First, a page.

Røde just introduced the i-XLR, a digital iPhone XLR adaptor for Apple iOS devices that turns your iPhone into a high quality audio recorder. The new Røde i-XLR is a lightning accessory that connects to your microphone’s XLR output on one and and to your iOS device on the other. Using a new Røde app that will be introduced within the next two weeks, will enable you to bypass the iPhone’s audio processing and record audio in high quality. It’s nice to see how this device might replace an audio recorder in some situations and give you a portable iPhone XLR alternative. Pricing is yet to be determined and it will become available in the next months. For more information visit rode.comRead more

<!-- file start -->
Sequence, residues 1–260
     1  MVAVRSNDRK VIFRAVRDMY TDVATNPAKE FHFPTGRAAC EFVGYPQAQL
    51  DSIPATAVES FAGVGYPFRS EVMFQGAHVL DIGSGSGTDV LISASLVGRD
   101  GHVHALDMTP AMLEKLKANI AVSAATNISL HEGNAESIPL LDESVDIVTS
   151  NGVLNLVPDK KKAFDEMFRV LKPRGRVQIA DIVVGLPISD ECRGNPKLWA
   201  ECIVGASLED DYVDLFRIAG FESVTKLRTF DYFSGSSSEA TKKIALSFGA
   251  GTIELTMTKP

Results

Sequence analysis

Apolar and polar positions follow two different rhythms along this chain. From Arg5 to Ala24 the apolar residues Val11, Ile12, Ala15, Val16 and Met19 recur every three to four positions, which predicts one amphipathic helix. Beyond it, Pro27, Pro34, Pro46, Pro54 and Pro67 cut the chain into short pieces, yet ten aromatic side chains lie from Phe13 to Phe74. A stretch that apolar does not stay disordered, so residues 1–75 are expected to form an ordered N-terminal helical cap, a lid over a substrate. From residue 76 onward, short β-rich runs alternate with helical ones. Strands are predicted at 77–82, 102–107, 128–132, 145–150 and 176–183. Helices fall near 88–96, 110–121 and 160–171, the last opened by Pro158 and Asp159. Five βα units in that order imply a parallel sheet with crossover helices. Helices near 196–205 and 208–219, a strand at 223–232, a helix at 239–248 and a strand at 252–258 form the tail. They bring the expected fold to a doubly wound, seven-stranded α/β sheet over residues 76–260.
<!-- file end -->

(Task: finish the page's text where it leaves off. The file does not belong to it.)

The Zoom F8 is an affordable yet serious 10-track field recorder made for professional sound designers and filmmakers, promising low-noise preamps and support for 24-bit/192kHz audio. Zoom teased their professional 10-track field recorder at NAB in April. We didn’t have much information back then, but now the new device is actually here and it looks like its competing with professional audio tools like the legendary Sound Devices 664 for in-the-field mixing and recording. The marketing campaign for the Zoom F8 field recorder is clearly directed at aspiring pro filmmakers and sound-recordists. The video promo they made is beautiful to watch, even though it doesn’t give too much away about the product’s functionalities: At $999 the Zoom F8 is likely to become a revolutionary product in the sound-recording market as it could stir up the competition quite a bit depending on how well it actually performs. It surely looks like a promising start for the company that has been quite successful in creating semi-pro small recorders. Let’s see what pro audio recordists have to say once they get the device in their hands. It’s interesting to see the bluetooth connectivity the F8 provides, a remote control extension via the touch surface of iOS devices. Zoom prides itself with numerous nice features on the F8: Phantom power (+24V/+48V) can be turned on and off for each preamp individually. 10 tracks—8 input channels & a stereo mix track for simultaneous stereo & surround. Onboard mixer with pre- and post-faders. Each channel has controls for pan, input/output delay, filtering, and limiting. Dual SD card recording Three power sources (4-pin hirose 9-16V, AA batteries, or 12V AC) Dual-channel recording to create safety tracks Pre-recording functionality Wireless Bluetooth control via iPhone, iPad or iPod Touch Time code I/O via BNC The Zoom F8 field recorder is schedule to start shipping on September 5, 2015. Until the it can be pre-ordered for $999. There will also be several accessories available for the device like a dedicated bag etc.Read more